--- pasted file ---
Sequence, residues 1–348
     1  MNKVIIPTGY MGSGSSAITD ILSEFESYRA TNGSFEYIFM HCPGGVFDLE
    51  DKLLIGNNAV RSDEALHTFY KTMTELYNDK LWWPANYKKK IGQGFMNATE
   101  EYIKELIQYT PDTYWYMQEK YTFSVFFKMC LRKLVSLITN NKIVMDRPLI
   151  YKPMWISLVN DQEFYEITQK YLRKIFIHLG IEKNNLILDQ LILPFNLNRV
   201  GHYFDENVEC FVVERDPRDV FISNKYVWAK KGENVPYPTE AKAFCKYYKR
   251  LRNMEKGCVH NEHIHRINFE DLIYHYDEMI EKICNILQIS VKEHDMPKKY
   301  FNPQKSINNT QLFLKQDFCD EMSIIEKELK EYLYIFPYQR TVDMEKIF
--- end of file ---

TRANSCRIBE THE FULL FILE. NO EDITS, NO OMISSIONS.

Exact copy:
Sequence, residues 1–348
     1  MNKVIIPTGY MGSGSSAITD ILSEFESYRA TNGSFEYIFM HCPGGVFDLE
    51  DKLLIGNNAV RSDEALHTFY KTMTELYNDK LWWPANYKKK IGQGFMNATE
   101  EYIKELIQYT PDTYWYMQEK YTFSVFFKMC LRKLVSLITN NKIVMDRPLI
   151  YKPMWISLVN DQEFYEITQK YLRKIFIHLG IEKNNLILDQ LILPFNLNRV
   201  GHYFDENVEC FVVERDPRDV FISNKYVWAK KGENVPYPTE AKAFCKYYKR
   251  LRNMEKGCVH NEHIHRINFE DLIYHYDEMI EKICNILQIS VKEHDMPKKY
   301  FNPQKSINNT QLFLKQDFCD EMSIIEKELK EYLYIFPYQR TVDMEKIF